Los Angeles

LA, Orange Counties Lead Nation for Crammed Housing

Overpopulation, Over-Immigration Fuel Shocking Living Standards

A recent Los Angeles Times story reported shockingly overcrowded living conditions in Los Angeles and Orange County. The Census Bureau defines overcrowded as homes or apartments that have more than one person per room, excluding bathrooms.

L.A. is Poor – But Immigration is Enriching

The Los Angeles 2020 Commission, convened by City Council president Herb Wesson, had some disturbing findings about the city. As reported by The Los Angeles Times, the panel found that “Los Angeles is a city in decline, strangled by traffic, weighted down by poverty and suffering from ‘a crisis of leadership and direction.’”

Los Angeles City Council Sells Out Legal Residents, Approves Alien ID Cards

Lost in the November Election Day shuffle is the Los Angeles City Council’s 12-1 vote to proceed with the photo ID cards that will allow as many as 400,000 illegal immigrants not only to identify themselves but also to access banking services, pay bills, check out library cards and---get this one---use city job centers. Apparently, Councilman Richard Alarcón and Mayor Antonio Villaraigosa don’t know---or don’t care about--- the city’s unemployment rate.

'Adapting' to Climate Change

LOS ANGELES – There’s yet another report, “Mid-Century Warming in the Los Angeles Region,” indicating that the planet will become a more inhospitable place for carbon-based units.

The State We Have Lost

“You are undone if you once forget that the fruits of the earth belong to us all, and the earth itself to nobody.”

Jean-Jacques Rousseau
Discourse on Inequality

From naturalist John Muir, whose love of nature helped save many of California’s unique wilderness areas, to U.S. President and conservationist Teddy Roosevelt, who doubled the number of national parks, America’s natural wonders – and consequently future generations – have benefited by a few visionaries.

To Los Angeles’ Great Relief, Carmageddon is a Bust

Carmageddon is this decade’s Y-2K. When the year 2000 approached dire predictions were made about the nation’s fate. Fear mongers predicted total paralysis for air traffic, business systems and banking records. On December 31, 1999 the nation held its breath. But on the morning of January 1, 2000 everyone wondered what all the fuss had been about.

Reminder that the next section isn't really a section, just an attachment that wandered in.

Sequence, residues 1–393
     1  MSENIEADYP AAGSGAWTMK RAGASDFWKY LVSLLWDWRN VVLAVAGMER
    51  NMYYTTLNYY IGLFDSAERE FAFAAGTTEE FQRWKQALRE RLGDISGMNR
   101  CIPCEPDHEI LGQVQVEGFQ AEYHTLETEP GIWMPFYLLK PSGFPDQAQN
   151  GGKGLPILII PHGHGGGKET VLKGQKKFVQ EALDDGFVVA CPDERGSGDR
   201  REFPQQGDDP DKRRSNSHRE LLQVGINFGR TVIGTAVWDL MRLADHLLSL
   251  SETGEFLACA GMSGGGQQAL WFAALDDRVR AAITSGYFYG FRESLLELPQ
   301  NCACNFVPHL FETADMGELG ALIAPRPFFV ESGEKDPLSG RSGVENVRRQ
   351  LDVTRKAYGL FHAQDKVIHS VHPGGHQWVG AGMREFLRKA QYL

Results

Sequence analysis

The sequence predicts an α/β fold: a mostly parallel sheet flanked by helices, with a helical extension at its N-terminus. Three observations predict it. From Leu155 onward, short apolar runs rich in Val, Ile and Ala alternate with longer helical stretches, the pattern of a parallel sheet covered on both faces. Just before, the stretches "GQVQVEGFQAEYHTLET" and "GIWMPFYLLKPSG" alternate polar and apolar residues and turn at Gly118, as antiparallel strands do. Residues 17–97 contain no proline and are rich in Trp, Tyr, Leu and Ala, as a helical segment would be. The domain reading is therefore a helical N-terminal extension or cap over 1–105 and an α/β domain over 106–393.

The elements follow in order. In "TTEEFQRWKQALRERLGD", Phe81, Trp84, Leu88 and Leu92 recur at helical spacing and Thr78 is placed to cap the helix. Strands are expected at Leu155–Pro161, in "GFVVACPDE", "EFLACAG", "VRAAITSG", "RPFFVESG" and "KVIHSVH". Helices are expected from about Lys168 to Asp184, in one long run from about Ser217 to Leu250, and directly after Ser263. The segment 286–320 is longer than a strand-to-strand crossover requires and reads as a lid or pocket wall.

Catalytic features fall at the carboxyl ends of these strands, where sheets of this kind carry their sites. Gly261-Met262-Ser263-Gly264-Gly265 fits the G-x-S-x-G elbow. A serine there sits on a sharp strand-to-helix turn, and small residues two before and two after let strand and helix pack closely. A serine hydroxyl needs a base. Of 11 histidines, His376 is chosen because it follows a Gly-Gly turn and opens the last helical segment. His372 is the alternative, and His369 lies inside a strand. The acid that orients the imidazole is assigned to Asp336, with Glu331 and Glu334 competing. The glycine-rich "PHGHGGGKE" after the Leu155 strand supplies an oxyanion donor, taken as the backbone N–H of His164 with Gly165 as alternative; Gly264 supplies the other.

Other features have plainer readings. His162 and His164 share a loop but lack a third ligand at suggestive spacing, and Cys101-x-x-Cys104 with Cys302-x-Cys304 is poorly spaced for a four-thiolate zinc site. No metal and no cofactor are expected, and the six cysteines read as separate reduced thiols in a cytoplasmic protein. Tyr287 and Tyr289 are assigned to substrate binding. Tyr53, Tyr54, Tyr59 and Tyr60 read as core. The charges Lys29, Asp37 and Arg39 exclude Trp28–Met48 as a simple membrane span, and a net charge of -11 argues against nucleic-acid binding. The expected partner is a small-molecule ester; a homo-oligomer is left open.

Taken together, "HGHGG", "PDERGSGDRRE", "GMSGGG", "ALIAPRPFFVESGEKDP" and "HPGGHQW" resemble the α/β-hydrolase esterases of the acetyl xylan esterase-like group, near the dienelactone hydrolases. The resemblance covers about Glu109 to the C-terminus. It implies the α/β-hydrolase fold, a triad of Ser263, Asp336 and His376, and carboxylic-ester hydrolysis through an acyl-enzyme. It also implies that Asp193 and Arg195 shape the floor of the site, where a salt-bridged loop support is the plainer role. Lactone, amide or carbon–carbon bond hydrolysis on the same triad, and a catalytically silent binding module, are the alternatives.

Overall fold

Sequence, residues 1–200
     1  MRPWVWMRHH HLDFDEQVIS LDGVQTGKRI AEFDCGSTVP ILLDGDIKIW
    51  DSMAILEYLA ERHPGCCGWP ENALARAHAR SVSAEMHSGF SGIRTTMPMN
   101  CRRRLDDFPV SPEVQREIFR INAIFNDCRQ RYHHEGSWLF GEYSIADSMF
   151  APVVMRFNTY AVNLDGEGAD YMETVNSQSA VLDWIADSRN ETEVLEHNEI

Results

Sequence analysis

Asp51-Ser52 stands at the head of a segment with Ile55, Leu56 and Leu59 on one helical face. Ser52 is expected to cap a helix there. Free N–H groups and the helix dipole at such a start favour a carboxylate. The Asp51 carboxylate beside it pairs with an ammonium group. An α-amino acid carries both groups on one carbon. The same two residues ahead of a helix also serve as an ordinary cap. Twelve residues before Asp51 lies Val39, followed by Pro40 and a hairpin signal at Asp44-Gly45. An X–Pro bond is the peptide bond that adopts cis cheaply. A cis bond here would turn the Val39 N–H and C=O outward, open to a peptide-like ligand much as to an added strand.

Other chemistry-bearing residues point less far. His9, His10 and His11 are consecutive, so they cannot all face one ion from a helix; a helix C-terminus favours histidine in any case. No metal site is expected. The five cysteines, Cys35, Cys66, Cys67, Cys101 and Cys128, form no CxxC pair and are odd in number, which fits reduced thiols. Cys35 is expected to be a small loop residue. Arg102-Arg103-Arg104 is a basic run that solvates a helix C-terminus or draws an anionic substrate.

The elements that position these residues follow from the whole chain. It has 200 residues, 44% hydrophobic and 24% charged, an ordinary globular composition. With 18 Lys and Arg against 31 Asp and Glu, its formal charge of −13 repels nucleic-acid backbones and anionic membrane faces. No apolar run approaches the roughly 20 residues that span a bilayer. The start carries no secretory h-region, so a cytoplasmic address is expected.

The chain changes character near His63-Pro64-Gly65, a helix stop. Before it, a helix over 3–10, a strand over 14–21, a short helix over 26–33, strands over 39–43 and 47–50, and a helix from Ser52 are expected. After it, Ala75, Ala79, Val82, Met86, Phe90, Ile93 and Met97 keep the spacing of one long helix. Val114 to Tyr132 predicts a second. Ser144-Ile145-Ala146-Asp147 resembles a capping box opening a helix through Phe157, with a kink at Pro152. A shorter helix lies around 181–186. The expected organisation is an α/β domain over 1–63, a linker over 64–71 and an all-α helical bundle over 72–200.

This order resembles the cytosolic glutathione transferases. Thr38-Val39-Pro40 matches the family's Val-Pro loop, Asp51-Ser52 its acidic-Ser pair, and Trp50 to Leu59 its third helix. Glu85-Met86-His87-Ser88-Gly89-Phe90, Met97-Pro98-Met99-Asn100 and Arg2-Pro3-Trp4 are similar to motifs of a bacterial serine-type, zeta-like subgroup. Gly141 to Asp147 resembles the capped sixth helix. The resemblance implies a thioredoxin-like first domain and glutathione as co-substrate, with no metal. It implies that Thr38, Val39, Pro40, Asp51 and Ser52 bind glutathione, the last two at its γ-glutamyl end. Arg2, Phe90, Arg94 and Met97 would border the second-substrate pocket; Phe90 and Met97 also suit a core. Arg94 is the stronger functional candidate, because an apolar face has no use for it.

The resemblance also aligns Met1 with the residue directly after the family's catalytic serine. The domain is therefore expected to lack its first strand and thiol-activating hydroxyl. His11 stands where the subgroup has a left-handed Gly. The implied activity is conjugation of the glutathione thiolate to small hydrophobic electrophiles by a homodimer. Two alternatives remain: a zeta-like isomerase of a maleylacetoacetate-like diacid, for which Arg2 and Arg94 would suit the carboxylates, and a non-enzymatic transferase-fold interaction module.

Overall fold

Get Ready: Here Comes Carmageddon!

Growing up in Southern California during the 1950s (Los Angeles:  population about 2 million; state population, 11 million), part of our family routine included the Sunday night drive. Sometimes we would set off to the north toward the San Fernando Valley, at the time mostly orange groves but now strip malls and tract housing. Other evenings, we’d head west toward the Pacific Ocean to watch the sunset.

Anchor babies cost Los Angeles welfare $600 million last year

California harbors the most illegal aliens in the nation and a new report out from the Los County Board of Supervisors shows the incredibly high cost of welfare for parents of anchor babies.

Quality of Life and Overpopulation

On any given day in Los Angeles, entering the roadways is an exercise in risking one’s life and testing the limits of one’s patience, whether driving or walking. Maybe some just accept that as “a given” since L.A., with 4 million people now, is the most populated city in California. But when we moved to L.A. some 20 years ago from the East Coast (where drivers were dreadful from my vantage point – a transplant from Oklahoma and civil driving), one of the first things I noticed was how much nicer the drivers were here versus my New Jersey-Connecticut-New York experience. As the years have passed, that’s certainly no longer true; driver courtesy has devolved markedly in my experience. So my initial observation is now but history of a kinder, gentler California (I can only imagine what people who lived here in the 50s and 60s think of the changed landscape).

Another Sign of California Decline: Miles of Bad Road

For the past few years whenever having to venture out onto Los Angeles area roads, I return home complaining about how bad the roads are—except  for Santa Monica which seems to repave its roads even when it appears unnecessary. This week, now everyone knows how bad L.A. roads are.